Cardiff half marathon review: Returning to an old favourite

Cardiff half marathon

With the Yorkshire Marathon a week away, I knew I shouldn’t go hard in this race. I probably shouldn’t run a half the week before a marathon at all, but I couldn’t resist doing the Cardiff half – my first ever half and still my favourite. It was highly unlikely I’d be troubling my best form anyway, given my far-from-ideal build up. Weeks of issues running – struggles to breathe properly, and a tight chest when exercising – culminated in a personal worst at Dulwich parkrun the weekend before Cardiff. My legs felt fine, but every second hurt. I finally decided to go to see the doctor, who gave me antibiotics for a chest infection and an inhaler for exercise-induced asthma. Cardiff would be my first run with the inhaler, so I didn’t really know how it would work out.


£32 affiliated, £34 (I think?) unaffiliated



Packs sent out in advance, everything easy to find. Nothing to complain about really!


Plenty of toilets in the runners’ village and start area. Bit of a queue close to start time, but despite one runner claiming we’d all miss the start, I made it to my pen with plenty of time to spare.



I knew it would be foolish (not to mention not particularly achievable) to push for a PB, so my aim was just to get round in one piece and enjoy it.
There was a great atmosphere at the start as always, and it wasn’t long before we were off. The first couple of miles are probably some of the least interesting on the course – but are still well supported  and soon fly by.

While the course is pretty flat, around mile 3/4 there is a bit of a hill which seemed to have gotten steeper since I last did the race in 2014!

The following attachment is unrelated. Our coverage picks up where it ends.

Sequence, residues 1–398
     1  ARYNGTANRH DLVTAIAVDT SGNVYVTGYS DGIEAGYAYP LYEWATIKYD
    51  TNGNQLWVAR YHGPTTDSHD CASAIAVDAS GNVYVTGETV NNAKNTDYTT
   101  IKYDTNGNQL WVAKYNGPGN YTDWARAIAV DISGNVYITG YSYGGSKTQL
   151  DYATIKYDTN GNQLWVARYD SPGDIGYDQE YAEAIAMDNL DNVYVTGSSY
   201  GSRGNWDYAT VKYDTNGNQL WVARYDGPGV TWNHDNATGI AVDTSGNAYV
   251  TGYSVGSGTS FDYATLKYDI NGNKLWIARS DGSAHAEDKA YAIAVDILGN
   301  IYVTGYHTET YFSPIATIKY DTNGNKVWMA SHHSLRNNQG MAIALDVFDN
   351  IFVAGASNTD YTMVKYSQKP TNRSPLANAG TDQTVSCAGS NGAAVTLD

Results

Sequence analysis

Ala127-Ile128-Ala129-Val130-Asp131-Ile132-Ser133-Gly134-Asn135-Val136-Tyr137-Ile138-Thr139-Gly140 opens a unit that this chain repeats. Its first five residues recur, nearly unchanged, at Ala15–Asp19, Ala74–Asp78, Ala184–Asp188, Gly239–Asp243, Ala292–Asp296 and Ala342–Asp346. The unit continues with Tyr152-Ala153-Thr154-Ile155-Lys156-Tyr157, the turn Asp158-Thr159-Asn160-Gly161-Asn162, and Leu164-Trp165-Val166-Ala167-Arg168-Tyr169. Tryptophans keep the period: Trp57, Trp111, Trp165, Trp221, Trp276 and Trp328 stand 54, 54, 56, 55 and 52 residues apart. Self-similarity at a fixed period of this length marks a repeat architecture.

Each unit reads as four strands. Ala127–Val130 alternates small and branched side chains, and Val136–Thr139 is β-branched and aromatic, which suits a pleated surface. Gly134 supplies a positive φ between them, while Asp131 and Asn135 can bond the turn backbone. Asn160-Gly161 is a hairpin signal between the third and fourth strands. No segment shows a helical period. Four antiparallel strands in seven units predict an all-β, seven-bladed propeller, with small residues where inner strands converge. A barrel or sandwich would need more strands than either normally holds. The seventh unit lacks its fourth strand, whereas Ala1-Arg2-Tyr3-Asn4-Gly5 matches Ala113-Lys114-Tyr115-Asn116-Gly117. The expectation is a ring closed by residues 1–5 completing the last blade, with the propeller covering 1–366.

After surviving that, I was soon coming into the Bay for the most beautiful part of the route. At this point I was actually on for a PB, but I was feeling slightly tight chested and told myself I would get out my inhaler as soon as I reached the 6 mile mark.

From here on things got a lot more tricky, and any hopes of an accidental PB swiftly disappeared!
Finding things a bit more difficult, I instead focused on the nostalgia fest as I ran along the roads I used to walk down as a student and passed the road I used to live on.


I had slowed down a fair bit by the time I approached Roath Park, my favourite bit of the course, but was determined not to walk or stop for my inhaler until after I’d seen my family. In reality this meant that while I didn’t stop or walk, I slowed to a just-about-running pace as I scanned both sides of the road for familiar faces.

While this is wasn’t great for my time, I did manage to spot my dad, my dad’s girlfriend, her son, my boyfriend’s cousin and auntie, and my boyfriend’s parents during my lap of the lake.
Before I knew it I was heading down Cathays Terrace and snaking round the corner to the finish line. Not a great time, but I’d enjoyed it and felt comfortable afterwards, which is what I had been aiming for.



Cardiff half always has a nice medal, featuring a scene from the course, and this year was no exception. Bonus: this year’s design had been voted for by participants. I’d actually voted for a different design, but there’s always next year! The medal was also accompanied by a Brooks tech t-shirt, but once again they’d run out of my size when I finished. I was in the top half of finishers, so I can’t have been the only one to miss out. While this normally leaves me livid, after getting in touch with the organisers I had a t-shirt in my size sitting on my desk within a week.


This is one of my favourite races, and not just because it’s one big nostalgia trip for me. Well organised, with a good route and solid support, I genuinely think it’s one of the best half marathons out there.



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